I was reading a Salon interview with Tom Colicchio, the head judge of Bravo’s Top Chef, one of my favorite shows, and was disappointed but not surprised by this exchange regarding gender in professional kitchens. The interviewer’s words are in bold.

Would you agree that cooking is a macho profession?

It can be. A lot of professions happen to be male-dominated because women drop out at a certain point. It’s unfortunate. When I was a chef at Gramercy Tavern, I think we’d been open for five years, at least half the kitchen staff, probably more, were women, and in fact they were all in the big positions — saucier, sous-chef. Of the six or seven women in the kitchen — well, more like 10 or 12 — only two of them are still cooking.

And why do you think they drop out?

They have children. If you want to have a family, it’s a very tough business. You’re working nights. You’re working weekends. It’s not conducive to rearing children. I have a 15-year-old and when he was 8, 9, 10, it was hard for me.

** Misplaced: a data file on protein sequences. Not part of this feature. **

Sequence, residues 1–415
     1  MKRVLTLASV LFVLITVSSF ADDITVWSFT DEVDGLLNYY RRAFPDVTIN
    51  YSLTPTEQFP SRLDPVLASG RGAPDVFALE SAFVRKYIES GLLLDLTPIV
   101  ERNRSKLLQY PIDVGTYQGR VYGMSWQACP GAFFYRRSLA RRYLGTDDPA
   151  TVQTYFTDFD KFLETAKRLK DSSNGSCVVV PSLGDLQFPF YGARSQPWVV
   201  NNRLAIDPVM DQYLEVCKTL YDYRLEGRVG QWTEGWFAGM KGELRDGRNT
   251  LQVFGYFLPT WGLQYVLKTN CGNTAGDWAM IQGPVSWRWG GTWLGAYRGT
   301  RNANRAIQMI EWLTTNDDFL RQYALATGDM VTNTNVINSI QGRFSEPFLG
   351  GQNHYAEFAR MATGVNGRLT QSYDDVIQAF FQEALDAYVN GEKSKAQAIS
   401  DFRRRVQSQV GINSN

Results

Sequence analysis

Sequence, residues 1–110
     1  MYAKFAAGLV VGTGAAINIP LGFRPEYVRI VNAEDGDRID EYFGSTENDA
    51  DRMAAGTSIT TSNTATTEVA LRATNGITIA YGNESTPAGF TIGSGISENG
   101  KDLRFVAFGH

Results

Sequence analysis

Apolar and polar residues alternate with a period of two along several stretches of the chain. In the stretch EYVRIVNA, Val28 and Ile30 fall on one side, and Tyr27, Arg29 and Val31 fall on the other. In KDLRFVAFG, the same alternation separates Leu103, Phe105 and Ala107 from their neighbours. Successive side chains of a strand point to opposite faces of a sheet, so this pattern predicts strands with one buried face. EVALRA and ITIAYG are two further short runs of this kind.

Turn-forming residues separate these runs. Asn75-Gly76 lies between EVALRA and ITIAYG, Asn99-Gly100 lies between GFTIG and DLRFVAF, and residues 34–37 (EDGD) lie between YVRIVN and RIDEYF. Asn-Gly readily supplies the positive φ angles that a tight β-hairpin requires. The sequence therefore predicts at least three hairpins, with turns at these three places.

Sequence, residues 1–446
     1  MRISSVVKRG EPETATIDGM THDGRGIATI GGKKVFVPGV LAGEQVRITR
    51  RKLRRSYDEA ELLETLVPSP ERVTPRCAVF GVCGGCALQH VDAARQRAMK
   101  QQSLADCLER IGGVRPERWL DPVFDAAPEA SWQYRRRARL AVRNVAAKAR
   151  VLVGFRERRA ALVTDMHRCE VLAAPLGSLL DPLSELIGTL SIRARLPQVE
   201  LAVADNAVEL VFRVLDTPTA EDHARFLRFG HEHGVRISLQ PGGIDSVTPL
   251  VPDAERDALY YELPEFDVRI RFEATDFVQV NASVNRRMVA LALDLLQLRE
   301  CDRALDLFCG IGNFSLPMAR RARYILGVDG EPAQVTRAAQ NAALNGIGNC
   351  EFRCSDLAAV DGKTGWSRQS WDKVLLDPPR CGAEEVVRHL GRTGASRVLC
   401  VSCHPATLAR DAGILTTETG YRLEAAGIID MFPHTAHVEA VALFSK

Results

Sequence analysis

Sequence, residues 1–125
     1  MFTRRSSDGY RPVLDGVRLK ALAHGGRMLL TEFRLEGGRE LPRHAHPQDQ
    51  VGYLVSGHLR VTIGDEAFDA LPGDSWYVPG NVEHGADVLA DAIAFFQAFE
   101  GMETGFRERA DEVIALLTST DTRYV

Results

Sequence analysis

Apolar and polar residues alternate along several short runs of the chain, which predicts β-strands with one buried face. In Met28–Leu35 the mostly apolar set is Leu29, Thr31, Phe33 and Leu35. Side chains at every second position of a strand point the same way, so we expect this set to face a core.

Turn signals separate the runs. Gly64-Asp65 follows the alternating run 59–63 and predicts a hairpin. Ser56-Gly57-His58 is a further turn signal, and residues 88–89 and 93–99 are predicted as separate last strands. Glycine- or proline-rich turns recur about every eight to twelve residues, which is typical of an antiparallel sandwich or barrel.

A more self-aware and socially-conscious man might have noticed that becoming a father, while hard, didn’t lead him to drop out of the restaurant chef business. A better interviewer might have pressed him to consider why, as in seemingly every career, it’s mothers in the leaky pipeline. Instead, the interviewer changes the subject:

So let’s talk about this season. A lot of people were surprised that Dale was kicked off. He was one of the more seasoned chefs on the show, no?

And so it goes. Note that this is not about Colicchio or anyone in particular being actively sexist – indeed, he seems to have fair attitudes towards and respect for the women he’s cooked with and the women competing on the show. The issue of course is complex and systemic. Why do women still bear the bigger professional penalty for starting a family? Do fathers in general need to step up more? What kind of pro-family parental support could workplaces offer, in order to retain talented employees? Etc.

I just wonder when we will see this type of conversation ever advance past “huh, I guess that’s just how things are.” Some professions just “happen” to be male-dominated, Colicchio says. Gee, how’d that happen?